Roll, hop and burn - Freshwater lipless tactics
  |  First Published: June 2013

There is not a predatory fish that swims in freshwater that does not eat at least attempt to eat the ever-reliable lipless crankbait.

I started using them almost two decades ago but originally only in open, deep water but I now use a lipless almost every time I fish, no matter what my target species or the type of area I’m fishing.

A lot of people still have not clued onto the amazing fish-catching abilities of the lipless crankbait.

Some anglers use the excuse that they don’t want to get their expensive offerings snagged but we all know that if you aren’t getting snagged occasionally, you are not in the zone.

You have to be willing to lose the odd lure.

Another reason some fishos shy away from them is that they have used these lures but have done no good. That’s mainly because they did not know how and where to use them properly or just did it in the wrong areas or at the wrong time.

This article won’t address the last two issues because working out where to fish and when is a game of trial and error with so many variables that would take a book to cover.

Put simply, a lipless crankbait is a flat-sided, slim, sinking minnow lure that gets its action not from a bib that produces a body wobble, but from the vibrating instability that rises from its more central tow point and nose weighting. It is often filled with rattles and when retrieved puts out a surprising amount of vibration.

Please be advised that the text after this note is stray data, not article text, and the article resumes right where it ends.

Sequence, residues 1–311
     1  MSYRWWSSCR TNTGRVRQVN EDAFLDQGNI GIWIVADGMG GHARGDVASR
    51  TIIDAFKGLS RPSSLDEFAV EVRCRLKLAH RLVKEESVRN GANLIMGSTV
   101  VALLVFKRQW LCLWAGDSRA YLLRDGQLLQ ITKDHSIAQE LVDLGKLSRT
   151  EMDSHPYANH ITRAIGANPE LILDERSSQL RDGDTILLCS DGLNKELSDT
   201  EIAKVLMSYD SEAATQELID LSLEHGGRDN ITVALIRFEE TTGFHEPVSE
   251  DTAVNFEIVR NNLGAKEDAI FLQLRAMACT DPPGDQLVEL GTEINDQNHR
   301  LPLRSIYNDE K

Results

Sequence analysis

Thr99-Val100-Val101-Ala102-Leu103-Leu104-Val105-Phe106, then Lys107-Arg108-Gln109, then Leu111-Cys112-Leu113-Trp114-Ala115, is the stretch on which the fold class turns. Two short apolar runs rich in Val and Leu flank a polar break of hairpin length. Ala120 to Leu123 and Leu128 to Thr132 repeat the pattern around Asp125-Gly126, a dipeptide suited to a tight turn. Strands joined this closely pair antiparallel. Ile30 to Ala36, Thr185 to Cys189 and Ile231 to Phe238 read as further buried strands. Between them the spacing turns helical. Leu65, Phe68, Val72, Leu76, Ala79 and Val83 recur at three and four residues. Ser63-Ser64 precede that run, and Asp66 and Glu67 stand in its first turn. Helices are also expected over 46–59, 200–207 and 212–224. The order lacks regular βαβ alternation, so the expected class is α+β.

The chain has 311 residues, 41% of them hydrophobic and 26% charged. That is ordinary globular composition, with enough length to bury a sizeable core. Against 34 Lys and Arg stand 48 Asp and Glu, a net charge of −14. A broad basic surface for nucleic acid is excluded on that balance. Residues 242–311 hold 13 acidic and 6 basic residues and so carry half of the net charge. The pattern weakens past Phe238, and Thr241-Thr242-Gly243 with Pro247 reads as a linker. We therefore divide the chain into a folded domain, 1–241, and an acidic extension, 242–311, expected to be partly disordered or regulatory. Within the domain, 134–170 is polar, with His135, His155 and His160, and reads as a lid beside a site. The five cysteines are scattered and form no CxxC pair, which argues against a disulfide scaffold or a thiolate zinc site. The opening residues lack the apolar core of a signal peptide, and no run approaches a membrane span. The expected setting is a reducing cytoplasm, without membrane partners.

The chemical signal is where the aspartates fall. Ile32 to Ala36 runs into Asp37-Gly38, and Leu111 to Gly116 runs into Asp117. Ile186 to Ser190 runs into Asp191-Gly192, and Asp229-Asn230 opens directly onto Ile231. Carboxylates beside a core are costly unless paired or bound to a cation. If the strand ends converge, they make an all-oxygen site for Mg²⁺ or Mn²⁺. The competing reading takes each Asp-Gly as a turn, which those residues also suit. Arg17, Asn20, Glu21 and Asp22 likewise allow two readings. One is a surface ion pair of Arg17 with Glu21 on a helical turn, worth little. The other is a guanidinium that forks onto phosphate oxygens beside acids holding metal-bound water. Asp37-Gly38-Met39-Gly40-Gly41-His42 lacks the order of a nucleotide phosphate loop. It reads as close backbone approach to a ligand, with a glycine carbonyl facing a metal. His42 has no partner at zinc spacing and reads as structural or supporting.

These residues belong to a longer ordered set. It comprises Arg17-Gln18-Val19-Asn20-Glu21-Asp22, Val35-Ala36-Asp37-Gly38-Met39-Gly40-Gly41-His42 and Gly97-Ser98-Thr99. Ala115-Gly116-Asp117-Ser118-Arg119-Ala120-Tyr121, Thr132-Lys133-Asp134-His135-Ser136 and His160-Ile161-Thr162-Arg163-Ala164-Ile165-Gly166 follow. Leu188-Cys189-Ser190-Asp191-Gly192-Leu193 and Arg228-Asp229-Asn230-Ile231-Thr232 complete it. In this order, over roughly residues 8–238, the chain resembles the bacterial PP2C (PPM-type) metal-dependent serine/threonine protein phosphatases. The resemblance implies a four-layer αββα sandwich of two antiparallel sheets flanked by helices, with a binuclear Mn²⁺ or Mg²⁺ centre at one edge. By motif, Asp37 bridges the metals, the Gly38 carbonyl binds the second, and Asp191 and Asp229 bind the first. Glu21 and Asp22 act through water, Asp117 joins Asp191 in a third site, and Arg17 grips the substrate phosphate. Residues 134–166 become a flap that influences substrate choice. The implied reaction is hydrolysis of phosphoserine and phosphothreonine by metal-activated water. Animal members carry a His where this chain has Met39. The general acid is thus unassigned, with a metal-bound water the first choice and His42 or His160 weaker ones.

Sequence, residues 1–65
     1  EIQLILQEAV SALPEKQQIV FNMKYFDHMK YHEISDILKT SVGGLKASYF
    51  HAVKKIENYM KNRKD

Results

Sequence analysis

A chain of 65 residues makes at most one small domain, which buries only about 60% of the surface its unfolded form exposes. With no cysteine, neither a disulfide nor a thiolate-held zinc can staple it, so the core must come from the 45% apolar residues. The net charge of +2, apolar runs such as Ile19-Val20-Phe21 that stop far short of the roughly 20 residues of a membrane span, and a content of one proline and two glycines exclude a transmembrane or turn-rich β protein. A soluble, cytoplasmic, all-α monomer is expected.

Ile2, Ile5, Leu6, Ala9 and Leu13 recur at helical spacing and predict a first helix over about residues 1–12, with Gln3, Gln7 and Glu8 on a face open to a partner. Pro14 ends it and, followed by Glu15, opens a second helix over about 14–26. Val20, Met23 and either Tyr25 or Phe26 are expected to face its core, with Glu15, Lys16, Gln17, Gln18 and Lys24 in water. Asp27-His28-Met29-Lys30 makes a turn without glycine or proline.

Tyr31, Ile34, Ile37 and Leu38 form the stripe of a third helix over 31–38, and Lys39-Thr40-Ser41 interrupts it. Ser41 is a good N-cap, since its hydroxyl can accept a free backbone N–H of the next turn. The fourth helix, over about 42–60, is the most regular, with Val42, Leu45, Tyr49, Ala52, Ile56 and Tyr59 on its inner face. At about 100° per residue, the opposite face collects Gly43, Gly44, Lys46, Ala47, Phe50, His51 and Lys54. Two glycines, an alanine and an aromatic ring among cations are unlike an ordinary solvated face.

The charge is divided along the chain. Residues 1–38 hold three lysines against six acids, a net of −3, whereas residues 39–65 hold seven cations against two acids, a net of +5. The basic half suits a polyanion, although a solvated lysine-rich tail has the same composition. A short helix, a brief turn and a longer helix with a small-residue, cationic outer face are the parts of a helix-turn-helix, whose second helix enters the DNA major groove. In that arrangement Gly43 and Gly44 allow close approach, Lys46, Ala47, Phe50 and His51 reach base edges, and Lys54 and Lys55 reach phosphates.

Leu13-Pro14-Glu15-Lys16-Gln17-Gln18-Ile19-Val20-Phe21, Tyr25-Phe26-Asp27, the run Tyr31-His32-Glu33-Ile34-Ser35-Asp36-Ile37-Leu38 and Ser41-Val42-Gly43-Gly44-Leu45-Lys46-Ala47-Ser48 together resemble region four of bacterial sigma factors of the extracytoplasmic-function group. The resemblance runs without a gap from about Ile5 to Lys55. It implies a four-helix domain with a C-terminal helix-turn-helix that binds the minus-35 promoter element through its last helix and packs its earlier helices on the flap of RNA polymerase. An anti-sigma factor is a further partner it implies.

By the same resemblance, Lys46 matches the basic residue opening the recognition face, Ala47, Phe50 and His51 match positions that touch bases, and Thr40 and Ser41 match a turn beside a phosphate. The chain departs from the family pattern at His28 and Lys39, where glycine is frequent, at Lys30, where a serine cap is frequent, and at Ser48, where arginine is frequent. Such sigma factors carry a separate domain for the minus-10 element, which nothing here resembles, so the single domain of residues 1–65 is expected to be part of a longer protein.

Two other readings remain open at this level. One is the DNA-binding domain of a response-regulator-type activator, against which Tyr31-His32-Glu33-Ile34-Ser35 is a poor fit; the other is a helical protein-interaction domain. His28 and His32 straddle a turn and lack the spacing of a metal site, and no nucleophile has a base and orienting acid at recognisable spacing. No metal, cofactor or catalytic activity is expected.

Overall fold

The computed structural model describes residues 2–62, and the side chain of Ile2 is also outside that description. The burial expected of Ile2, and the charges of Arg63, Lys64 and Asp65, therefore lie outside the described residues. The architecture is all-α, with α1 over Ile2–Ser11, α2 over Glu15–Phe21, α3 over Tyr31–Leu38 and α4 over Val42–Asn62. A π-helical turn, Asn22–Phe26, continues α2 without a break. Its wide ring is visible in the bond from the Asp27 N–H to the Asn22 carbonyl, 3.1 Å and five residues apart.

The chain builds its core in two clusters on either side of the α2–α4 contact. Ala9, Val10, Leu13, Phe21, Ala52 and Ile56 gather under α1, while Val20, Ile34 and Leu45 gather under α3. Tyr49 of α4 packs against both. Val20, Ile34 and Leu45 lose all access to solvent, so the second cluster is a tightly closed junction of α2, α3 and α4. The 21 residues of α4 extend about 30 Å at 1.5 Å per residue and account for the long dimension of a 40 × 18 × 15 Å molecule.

Sinking lures are the most versatile lures you can have in your box because they can fish the entire water column and can be cast, jigged, hopped, rolled or trolled. They come in a number of different sizes and weights and the silent versions are hard to beat on heavily fished waters where the fish often shy away from lures with rattles.

In shallow water and deep water, different lures and strategies are needed to be consistently successful.

In areas under, say, 3m deep I use three retrieves.


This is as easy as it gets. Simply cast your lure out and slowly wind it back to the boat or the bank. When using this retrieve I try to go as slowly as the lure will allow me; you want to feel the lure working, but only just.

Use this retrieve along the edges of weed beds, under overhanging trees, in shallow bays or around submerged timber.


The next retrieve is basically a variation of the slow roll. I use this from a boat when casting back towards the bank. This retrieve is still just a slow roll but it is interspersed with small pauses, which allow the lure to achieve depth again before to slow retrieve is resumed.

The idea with this is to keep the lure very close to the bottom throughout the entire retrieve. It helps to watch your line on the pause and when it goes slack, you know the lure is on the bottom.


The only other retrieve I use in the shallows is the reaction strike retrieve or ‘burn’, which is so easy. Just cast the lure out and retrieve it with a constant, fast crank.

I use this retrieve when searching large areas for active fish and I find by going flat out, it doesn’t give the fish a chance to think about what they’re doing; they simply eat it or they miss out.

This is a great way to fish because the strikes can be violent no matter what your target species is.